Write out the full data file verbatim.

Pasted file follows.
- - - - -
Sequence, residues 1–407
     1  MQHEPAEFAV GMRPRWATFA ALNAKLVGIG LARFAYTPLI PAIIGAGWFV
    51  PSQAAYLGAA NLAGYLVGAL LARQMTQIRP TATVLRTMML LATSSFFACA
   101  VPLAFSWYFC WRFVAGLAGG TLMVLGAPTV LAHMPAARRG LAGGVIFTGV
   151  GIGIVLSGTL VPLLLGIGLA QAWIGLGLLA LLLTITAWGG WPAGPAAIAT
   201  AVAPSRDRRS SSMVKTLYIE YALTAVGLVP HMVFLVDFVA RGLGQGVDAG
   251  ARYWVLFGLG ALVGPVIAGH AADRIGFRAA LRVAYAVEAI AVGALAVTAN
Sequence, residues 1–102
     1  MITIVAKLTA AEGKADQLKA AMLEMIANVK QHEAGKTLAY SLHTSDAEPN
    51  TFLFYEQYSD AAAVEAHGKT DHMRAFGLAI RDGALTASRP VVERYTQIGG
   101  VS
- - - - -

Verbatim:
Sequence, residues 1–407
     1  MQHEPAEFAV GMRPRWATFA ALNAKLVGIG LARFAYTPLI PAIIGAGWFV
    51  PSQAAYLGAA NLAGYLVGAL LARQMTQIRP TATVLRTMML LATSSFFACA
   101  VPLAFSWYFC WRFVAGLAGG TLMVLGAPTV LAHMPAARRG LAGGVIFTGV
   151  GIGIVLSGTL VPLLLGIGLA QAWIGLGLLA LLLTITAWGG WPAGPAAIAT
   201  AVAPSRDRRS SSMVKTLYIE YALTAVGLVP HMVFLVDFVA RGLGQGVDAG
   251  ARYWVLFGLG ALVGPVIAGH AADRIGFRAA LRVAYAVEAI AVGALAVTAN
Sequence, residues 1–102
     1  MITIVAKLTA AEGKADQLKA AMLEMIANVK QHEAGKTLAY SLHTSDAEPN
    51  TFLFYEQYSD AAAVEAHGKT DHMRAFGLAI RDGALTASRP VVERYTQIGG
   101  VS